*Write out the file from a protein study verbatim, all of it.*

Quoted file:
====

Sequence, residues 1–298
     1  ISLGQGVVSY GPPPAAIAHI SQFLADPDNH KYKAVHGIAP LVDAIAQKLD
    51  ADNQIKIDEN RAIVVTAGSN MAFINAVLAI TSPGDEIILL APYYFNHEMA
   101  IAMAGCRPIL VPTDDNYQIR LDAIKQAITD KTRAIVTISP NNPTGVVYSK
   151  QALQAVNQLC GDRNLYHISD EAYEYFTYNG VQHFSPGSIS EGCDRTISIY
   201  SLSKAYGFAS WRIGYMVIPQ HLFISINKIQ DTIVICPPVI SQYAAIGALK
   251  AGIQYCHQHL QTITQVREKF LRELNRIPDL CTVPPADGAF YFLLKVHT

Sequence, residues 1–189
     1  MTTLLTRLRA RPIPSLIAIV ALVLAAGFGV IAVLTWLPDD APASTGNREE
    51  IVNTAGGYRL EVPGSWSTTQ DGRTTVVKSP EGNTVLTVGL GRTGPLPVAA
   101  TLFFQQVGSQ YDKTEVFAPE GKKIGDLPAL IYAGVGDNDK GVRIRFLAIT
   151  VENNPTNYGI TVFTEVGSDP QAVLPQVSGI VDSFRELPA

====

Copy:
Sequence, residues 1–298
     1  ISLGQGVVSY GPPPAAIAHI SQFLADPDNH KYKAVHGIAP LVDAIAQKLD
    51  ADNQIKIDEN RAIVVTAGSN MAFINAVLAI TSPGDEIILL APYYFNHEMA
   101  IAMAGCRPIL VPTDDNYQIR LDAIKQAITD KTRAIVTISP NNPTGVVYSK
   151  QALQAVNQLC GDRNLYHISD EAYEYFTYNG VQHFSPGSIS EGCDRTISIY
   201  SLSKAYGFAS WRIGYMVIPQ HLFISINKIQ DTIVICPPVI SQYAAIGALK
   251  AGIQYCHQHL QTITQVREKF LRELNRIPDL CTVPPADGAF YFLLKVHT

Sequence, residues 1–189
     1  MTTLLTRLRA RPIPSLIAIV ALVLAAGFGV IAVLTWLPDD APASTGNREE
    51  IVNTAGGYRL EVPGSWSTTQ DGRTTVVKSP EGNTVLTVGL GRTGPLPVAA
   101  TLFFQQVGSQ YDKTEVFAPE GKKIGDLPAL IYAGVGDNDK GVRIRFLAIT
   151  VENNPTNYGI TVFTEVGSDP QAVLPQVSGI VDSFRELPA